by Max Marbut
Touch screen or paper. Early, absentee or election day.
There is more than one way to vote, but one thing is certain: if you aren’t registered, you can’t cast a ballot any way.
That’s why the Duval County Supervisor of Elections Office is trying to get more young people voting with the 2007 Countywide Student Voter Registration Drive. The drive is Jan. 24-25 at all public and private high schools, colleges and universities.
Poll workers have volunteered to set up tables at more than 50 locations to provide information and voter registration applications. Last year, more than 3,400 new young voters were added to the rolls.
While everyone who gets a drivers license is offered the chance to register to vote at the Department of Motor Vehicles, some people don’t take advantage of the opportunity, said Supervisor of Elections Jerry Holland.
“The DMV doesn’t catch them all,” he said. “It’s part of our process to try to register every person who is eligible to vote. This program is important because it not only gets students to register to vote, it also educates them about the importance of voting and involves teachers and administrators in the process.”
“The 17-to-21 age group is the largest voting group in the county,” said Bennie Seth, deputy supervisor of elections. “We really push to get them registered.”
Dr. Thomas Worley, supervisor of social studies for Duval County Public Schools, said he thinks civic education is important for students: “You learn concepts better when it involves you. Reading about a subject is one thing, but participating is much better.”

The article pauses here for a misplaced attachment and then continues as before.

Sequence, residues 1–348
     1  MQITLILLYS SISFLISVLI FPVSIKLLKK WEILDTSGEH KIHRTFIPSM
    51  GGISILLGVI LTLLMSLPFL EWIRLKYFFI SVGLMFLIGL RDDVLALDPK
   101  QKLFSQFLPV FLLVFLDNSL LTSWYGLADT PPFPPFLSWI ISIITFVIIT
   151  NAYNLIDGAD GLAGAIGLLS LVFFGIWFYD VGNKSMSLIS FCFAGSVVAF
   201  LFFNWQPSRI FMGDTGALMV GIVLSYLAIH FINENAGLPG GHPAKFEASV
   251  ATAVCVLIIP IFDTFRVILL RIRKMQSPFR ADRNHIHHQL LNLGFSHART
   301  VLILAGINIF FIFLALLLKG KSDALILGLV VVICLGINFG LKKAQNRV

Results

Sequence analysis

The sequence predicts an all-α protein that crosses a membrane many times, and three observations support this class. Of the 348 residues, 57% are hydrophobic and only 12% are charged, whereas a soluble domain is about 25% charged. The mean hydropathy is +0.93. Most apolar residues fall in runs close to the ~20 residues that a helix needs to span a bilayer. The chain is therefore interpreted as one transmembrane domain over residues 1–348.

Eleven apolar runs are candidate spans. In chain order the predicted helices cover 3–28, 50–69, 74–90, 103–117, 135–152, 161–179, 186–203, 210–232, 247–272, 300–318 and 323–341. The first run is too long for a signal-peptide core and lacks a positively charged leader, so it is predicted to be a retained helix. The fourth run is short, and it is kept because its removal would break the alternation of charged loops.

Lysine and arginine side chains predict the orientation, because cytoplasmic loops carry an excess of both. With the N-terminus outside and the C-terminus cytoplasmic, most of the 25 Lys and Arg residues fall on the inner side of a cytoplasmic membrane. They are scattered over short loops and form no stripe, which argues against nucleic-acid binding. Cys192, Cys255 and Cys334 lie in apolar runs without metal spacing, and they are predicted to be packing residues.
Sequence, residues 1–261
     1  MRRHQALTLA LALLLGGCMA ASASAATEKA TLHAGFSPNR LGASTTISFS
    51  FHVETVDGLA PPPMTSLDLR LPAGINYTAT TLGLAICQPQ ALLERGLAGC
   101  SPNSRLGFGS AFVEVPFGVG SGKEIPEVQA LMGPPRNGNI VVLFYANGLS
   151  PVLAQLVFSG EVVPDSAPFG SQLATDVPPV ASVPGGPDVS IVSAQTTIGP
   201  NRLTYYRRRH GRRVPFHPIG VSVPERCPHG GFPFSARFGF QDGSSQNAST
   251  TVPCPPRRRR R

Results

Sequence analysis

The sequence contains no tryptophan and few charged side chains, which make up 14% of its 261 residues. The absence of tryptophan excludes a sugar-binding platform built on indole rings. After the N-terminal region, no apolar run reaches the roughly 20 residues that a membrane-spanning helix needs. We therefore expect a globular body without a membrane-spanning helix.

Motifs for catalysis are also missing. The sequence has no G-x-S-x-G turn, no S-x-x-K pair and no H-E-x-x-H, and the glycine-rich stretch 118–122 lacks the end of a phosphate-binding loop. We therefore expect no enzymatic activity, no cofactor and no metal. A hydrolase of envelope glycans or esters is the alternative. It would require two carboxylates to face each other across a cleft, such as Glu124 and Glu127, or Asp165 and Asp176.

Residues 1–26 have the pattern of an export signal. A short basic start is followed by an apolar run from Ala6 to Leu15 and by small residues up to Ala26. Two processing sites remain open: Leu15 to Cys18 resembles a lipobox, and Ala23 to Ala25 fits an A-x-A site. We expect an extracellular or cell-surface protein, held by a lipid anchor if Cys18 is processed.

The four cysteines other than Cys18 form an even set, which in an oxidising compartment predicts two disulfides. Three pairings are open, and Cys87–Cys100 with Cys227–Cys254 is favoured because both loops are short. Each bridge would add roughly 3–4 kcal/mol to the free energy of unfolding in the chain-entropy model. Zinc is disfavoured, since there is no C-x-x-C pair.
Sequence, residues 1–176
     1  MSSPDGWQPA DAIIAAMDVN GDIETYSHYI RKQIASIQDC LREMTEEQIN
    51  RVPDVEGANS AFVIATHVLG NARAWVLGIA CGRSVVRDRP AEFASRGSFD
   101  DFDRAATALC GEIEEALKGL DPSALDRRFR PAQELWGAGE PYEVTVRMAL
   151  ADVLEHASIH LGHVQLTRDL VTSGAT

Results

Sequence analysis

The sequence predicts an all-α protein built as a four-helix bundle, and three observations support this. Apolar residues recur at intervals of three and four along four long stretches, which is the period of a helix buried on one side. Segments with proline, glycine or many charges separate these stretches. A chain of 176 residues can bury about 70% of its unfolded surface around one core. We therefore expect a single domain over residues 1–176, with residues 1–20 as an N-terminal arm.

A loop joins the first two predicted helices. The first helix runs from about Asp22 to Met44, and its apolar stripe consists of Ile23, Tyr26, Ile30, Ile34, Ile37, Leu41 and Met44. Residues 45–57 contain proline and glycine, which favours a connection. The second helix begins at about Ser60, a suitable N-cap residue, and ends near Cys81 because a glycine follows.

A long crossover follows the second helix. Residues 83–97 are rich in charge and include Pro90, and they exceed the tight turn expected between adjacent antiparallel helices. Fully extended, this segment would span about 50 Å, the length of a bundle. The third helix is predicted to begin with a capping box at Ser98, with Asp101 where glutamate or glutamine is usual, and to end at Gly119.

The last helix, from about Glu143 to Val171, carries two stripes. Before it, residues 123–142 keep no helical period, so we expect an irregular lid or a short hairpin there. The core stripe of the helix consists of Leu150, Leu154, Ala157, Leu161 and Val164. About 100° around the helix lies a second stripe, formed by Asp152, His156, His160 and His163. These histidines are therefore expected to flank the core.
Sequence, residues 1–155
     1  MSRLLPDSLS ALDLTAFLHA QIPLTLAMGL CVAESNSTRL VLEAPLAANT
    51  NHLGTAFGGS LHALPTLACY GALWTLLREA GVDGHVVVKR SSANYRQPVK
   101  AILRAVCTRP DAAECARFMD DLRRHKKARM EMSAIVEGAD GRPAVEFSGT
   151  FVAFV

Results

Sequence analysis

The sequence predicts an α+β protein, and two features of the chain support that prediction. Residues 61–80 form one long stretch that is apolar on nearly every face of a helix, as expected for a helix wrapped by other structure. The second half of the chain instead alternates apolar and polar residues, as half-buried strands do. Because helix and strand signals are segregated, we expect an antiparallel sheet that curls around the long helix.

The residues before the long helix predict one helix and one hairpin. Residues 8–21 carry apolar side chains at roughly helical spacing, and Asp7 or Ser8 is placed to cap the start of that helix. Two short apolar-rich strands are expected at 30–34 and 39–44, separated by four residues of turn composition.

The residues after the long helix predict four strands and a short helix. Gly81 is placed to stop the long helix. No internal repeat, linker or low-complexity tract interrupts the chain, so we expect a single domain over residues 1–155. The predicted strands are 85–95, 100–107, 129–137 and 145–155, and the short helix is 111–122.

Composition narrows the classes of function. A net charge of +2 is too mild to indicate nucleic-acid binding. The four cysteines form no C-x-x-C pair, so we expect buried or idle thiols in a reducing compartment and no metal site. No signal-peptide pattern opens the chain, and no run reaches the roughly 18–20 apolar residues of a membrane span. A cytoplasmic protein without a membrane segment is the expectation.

Richard Herbert, director of student activities at The Bolles School, said the voting program has been a hit since it began in 2003.
”Most of our students are politically active or at least aware,” he said. “The students who are really active on campus support the drive. It gives our students a broader involvement in the political process and they realize they have the power.”
The registration campaign at Bolles also inspired some new activities for students, according to Herbert.
“After the first one, student political clubs formed for Republicans and Democrats. That had never happened before,” he said.
As of Jan. 11, Duval County has:
• 570,356 people eligible to vote
• 541,474 registered voters
• 199,966 registered Republicans
• 243,771 registered Democrats
• 97,737 registered with other parties
Feb. 20 is the last day to register to vote or change party affiliation for the March 20 election.
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